Cast aside like old rags when we’ve done our part and then patronisingly insulted and expected to take it on the chin … well, not this time
I don’t usually let articles written by the mainstream press affect me, but an article entitled ‘Youth and the EU – it’s all down to national insurance’, published on the 24th of May 2016 by the Evening Standard really got under my skin. The clear ignorance of youth issues on the part of the journalist and the clear condescension of the entire article was infuriating, but nothing out of the ordinary for the twenty-first century hysteria machine that is the British Media.
British media and politics has never shied away from being beautifully offensive to the next generation, from sarcastic articles to speeches and campaigns that question our intelligence, we have been attacked, belittled and misunderstood. I am 23, an entrepreneur and no, I don’t scream in fear at a task that does not involve a smart phone …
The Evening Standard’s article the other day, true to form, was incredibly condescending and although briefly touching on the issue of voter registration, ignored completely the main issue around politics and young people. We are interested in politics, indeed, young people are organising a debate on the 6th of June in parliament to discuss the EU! Politics however, is not interested in us unless it serves a very short-term purpose.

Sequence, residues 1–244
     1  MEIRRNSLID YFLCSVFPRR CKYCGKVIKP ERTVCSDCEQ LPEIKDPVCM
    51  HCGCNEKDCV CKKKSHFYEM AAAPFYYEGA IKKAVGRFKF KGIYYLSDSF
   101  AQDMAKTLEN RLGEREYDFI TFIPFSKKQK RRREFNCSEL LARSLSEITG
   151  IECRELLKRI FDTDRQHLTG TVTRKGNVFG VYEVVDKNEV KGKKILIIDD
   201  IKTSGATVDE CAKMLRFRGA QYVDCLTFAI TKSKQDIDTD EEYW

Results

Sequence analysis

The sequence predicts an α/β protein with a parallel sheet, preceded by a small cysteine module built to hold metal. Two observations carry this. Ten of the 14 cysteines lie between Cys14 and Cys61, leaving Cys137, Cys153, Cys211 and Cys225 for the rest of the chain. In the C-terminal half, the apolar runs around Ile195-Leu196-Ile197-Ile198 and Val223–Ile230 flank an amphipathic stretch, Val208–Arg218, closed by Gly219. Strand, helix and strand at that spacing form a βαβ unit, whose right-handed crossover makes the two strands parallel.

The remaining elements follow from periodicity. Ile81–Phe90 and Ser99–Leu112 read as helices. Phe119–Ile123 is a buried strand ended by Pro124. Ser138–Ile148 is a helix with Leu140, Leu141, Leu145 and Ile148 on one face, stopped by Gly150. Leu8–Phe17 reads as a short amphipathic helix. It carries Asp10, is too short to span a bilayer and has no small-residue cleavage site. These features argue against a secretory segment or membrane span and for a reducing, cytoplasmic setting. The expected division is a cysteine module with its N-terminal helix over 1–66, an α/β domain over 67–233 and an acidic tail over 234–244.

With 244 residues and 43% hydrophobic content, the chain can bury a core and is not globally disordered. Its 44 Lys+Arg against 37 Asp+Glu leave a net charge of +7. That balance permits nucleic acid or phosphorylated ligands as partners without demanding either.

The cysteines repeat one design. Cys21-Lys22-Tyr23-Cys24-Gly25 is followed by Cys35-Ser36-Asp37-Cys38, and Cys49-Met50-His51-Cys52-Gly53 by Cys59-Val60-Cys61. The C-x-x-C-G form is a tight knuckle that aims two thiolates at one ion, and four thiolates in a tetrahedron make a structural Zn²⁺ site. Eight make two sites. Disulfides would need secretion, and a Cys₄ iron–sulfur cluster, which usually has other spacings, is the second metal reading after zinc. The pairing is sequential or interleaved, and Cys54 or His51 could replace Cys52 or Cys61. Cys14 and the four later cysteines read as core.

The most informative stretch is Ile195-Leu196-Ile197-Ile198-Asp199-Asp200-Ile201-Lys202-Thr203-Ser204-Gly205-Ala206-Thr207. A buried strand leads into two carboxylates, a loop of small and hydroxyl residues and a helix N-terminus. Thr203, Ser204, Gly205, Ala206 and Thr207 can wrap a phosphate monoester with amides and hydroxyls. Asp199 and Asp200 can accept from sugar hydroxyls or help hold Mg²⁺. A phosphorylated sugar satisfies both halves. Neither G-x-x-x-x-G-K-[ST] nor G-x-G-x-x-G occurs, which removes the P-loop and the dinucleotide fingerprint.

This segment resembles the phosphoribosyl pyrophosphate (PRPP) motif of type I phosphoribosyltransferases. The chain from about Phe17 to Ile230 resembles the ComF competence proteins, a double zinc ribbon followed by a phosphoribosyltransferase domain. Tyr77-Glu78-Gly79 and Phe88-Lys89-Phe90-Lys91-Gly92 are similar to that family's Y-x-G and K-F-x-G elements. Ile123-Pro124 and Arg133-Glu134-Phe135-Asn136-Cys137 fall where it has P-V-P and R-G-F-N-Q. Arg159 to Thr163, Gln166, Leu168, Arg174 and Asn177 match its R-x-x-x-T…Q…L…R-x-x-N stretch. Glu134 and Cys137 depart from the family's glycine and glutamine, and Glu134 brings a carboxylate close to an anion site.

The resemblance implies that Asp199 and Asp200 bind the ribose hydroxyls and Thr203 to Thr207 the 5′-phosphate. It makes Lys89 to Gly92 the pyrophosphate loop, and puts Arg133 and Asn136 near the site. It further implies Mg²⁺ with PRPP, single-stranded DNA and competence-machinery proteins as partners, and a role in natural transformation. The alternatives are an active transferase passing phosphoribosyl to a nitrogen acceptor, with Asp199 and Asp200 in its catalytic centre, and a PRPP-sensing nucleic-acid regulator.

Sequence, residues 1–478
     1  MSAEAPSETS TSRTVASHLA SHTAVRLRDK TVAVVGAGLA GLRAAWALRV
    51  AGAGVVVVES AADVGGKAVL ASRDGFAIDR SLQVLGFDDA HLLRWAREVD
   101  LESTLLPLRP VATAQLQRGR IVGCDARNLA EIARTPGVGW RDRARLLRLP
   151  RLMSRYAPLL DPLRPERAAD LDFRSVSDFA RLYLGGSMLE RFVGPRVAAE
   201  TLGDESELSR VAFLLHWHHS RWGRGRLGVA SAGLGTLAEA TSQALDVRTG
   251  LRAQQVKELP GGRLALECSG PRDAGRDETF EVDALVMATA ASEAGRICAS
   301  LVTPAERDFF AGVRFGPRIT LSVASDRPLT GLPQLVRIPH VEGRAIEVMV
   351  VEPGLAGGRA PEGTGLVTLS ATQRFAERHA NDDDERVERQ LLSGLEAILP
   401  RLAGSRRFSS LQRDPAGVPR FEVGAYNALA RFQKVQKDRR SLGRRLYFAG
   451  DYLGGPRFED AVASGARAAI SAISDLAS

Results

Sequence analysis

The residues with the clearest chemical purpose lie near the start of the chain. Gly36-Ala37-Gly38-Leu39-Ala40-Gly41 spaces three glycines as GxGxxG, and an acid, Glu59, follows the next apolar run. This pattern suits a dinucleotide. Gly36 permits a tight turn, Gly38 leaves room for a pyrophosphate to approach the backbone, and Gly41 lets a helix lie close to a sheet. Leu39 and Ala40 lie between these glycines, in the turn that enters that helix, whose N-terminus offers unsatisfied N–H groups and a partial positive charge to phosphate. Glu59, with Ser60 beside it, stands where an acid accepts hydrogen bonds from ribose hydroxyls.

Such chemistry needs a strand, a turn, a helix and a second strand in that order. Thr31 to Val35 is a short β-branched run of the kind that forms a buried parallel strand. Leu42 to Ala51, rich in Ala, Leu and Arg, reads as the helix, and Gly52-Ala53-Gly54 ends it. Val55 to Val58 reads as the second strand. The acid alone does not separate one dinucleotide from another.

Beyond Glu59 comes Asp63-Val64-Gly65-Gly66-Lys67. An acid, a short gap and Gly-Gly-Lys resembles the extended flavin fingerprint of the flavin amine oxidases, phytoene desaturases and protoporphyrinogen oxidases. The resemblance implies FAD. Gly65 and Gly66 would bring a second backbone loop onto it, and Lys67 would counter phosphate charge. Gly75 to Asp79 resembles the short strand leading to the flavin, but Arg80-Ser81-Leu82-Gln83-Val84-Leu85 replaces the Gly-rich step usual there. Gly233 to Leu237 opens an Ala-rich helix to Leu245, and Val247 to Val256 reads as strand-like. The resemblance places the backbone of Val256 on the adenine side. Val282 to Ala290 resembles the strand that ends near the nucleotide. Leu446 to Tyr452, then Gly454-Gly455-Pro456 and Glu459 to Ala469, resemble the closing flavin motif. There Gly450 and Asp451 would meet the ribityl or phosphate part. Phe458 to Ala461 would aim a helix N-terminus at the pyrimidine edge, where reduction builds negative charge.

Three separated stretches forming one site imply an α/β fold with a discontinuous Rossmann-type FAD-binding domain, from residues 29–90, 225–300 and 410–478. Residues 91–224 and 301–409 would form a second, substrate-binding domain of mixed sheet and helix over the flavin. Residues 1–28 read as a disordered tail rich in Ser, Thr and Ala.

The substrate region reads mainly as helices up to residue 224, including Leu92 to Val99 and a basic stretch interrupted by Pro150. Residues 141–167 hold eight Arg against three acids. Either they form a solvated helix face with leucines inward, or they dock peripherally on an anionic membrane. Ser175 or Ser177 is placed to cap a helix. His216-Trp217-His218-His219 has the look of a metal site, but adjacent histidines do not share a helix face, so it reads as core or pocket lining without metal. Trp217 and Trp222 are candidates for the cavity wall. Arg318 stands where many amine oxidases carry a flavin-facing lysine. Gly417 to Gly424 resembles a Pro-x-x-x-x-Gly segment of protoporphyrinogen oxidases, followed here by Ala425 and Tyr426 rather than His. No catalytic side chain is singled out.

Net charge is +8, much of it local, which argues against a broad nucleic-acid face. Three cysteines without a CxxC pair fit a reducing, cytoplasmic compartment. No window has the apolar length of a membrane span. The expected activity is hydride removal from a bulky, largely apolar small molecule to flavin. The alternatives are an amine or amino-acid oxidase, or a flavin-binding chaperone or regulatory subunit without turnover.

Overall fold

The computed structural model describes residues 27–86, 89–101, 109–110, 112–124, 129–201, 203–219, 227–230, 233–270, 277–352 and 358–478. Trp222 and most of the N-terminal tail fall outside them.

Looking back at 2010, we can recount how a whole generation was stabbed in the back by one political party, which used us to gain votes and then threw us aside once we had served our purpose.
With politicians that treat young people like pawns and free delivery services at election time, is it that much of a shock that young people move away from mainstream politics? Not to mention the horrific and ridiculous nature of both the IN and Out campaigns during this coming EU Referendum, with both sides trying to outdo themselves to see which can come out with the most outrageous statements.
I think it’s time we look at British politics and examine the reason why apathy has grown so much, rather than acting with such condescension by stating: ‘if only they knew where they had written down their National Insurance numbers’. The real issue is a lack of political education. Young people are interested in politics, but lack an understanding due to society-induced ignorance. Currently we assume that once we hit 18 years of age we suddenly become enlightened with all the political knowledge one needs to vote and engage … of course this not the case, it needs to be taught.
Politics should be taught in schools as a compulsory subject, it’s the one thing that allows us to be who we want to be, gives us a voice and creates a democratic society, yet we give it no time in schools — with the one exception of Citizenship which is so vague that it might as well encompass everything …
Maybe it’s time we look at the issue seriously, rather than just around elections and referendums. We might then just get somewhere without the need for out of touch commentary from an out of touch generation, referring to the next generation’s problems without consulting the very people they are blindly commenting on.
By Matteo Bergamini